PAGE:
useful applications, such as improved ated directory services or tracking data- ports require that your personal effects
safety, easier and faster interactions, bases. However, technically RFID are are checked separately from you by X-
reduced error in data input and automa- just small memory devices that can be rays. Forgetting one of your items, or
tion of tedious processes, it also raises addressed by near-field communica- mistakenly exchanging a similar item
serious concerns – in particular the pri- tion, and although identification has with someone else occurs frequently.
vacy issue. In a world where many per- been the main application target, these Solutions have been proposed for this
sonal objects are electronically identi- devices provide support for alternative problem, based on active tags attached
fied, the activities of individuals could mechanisms. to the items that are monitored by an
be traceable in a similar, though much owner tag. This is impractical for sev-
more comprehensive, way to 'googling' We will now present such an alterna- eral reasons: active tags are expensive,
someone today on the Internet. tive, through the example of the 'Ubi- they require batteries (and hence regu-
Check' service, a solution to a common lar maintenance), radio emissions may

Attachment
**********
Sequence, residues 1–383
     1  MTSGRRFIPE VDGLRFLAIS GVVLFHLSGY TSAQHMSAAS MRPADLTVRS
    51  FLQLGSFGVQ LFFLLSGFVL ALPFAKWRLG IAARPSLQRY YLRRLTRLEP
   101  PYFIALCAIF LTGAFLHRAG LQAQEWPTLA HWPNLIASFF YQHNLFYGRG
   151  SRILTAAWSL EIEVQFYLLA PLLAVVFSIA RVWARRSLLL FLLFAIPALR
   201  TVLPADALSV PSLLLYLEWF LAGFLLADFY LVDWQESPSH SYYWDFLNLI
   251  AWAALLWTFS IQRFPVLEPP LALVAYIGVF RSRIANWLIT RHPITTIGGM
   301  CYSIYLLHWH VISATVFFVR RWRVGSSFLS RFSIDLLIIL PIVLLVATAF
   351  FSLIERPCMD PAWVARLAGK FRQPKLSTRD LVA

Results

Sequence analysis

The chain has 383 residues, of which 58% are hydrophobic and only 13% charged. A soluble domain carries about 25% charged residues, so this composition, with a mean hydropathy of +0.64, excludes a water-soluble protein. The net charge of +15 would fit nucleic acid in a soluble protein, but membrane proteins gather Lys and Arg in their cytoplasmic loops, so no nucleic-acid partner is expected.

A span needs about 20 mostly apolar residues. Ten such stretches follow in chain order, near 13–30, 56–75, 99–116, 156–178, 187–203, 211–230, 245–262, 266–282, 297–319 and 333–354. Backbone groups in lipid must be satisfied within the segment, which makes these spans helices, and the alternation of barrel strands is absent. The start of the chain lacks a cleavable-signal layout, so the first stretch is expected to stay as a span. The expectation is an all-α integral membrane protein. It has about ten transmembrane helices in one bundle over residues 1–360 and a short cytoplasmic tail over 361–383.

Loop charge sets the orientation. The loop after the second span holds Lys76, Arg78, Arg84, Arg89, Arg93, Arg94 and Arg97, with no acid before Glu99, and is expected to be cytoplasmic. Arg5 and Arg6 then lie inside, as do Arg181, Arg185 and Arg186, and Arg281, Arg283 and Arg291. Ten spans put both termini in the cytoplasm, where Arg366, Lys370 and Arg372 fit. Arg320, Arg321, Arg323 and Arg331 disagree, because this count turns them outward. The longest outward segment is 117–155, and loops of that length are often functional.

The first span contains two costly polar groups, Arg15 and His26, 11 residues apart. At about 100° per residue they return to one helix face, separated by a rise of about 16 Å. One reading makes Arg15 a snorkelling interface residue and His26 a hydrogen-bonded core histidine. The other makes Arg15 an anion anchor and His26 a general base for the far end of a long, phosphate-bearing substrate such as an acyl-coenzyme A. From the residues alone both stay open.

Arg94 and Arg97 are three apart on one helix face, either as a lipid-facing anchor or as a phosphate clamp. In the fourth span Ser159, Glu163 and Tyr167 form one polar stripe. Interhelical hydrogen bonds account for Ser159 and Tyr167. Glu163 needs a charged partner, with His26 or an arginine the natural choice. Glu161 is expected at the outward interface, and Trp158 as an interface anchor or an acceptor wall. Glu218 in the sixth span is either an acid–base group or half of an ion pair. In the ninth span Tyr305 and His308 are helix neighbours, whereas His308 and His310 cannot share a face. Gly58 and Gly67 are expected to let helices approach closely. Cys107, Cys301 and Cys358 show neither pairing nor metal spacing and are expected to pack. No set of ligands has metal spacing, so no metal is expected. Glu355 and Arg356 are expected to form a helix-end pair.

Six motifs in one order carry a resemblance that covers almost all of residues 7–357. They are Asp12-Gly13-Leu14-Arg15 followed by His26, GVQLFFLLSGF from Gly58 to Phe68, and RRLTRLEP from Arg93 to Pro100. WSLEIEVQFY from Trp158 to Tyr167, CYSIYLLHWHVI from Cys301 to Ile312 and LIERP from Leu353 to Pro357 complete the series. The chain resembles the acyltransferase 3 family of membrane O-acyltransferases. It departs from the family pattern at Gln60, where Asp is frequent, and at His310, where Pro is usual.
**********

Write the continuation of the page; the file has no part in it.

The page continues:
An important cause of this issue is that problem when travelling: it is unfortu- be restricted by regulations (on planes
RFID systems are usually based on the nately quite easy to forget something. for example), and temporarily separat-

ERCIM NEWS 76 January 2009 35


Special Theme: The Sensor Web

ing an item from its owner would the privacy concerns of many other Another application example is to use
require the alarm to be disabled. RFID approaches. Specifically, tracking RFID to build distributed maps for
of individuals is not easy, since the tags' robotic support. In the Roboswarm
Ubi-Check represents another solution content may change often for the same project we consider very simple robots
using RFID tags attached to the items. It person and same set of objects. Further, with limited knowledge and sensors. In
is possible to write in the memory of the the system is not based on identifica- order for them to navigate, RFID tags
tags the data required to check the tion, ensuring greater privacy. are arranged in the space where the
integrity of the group of items. One pos- robots are working. Each tag contains
sible implementation is to compute a Another interesting aspect is that check- relative spatial references pointing to
digital certificate from the identifiers of points and association points are the nearest tags, effectively making a
all the items. An important aspect is that autonomous and only carry local pro- graph. These pointers allow a robot to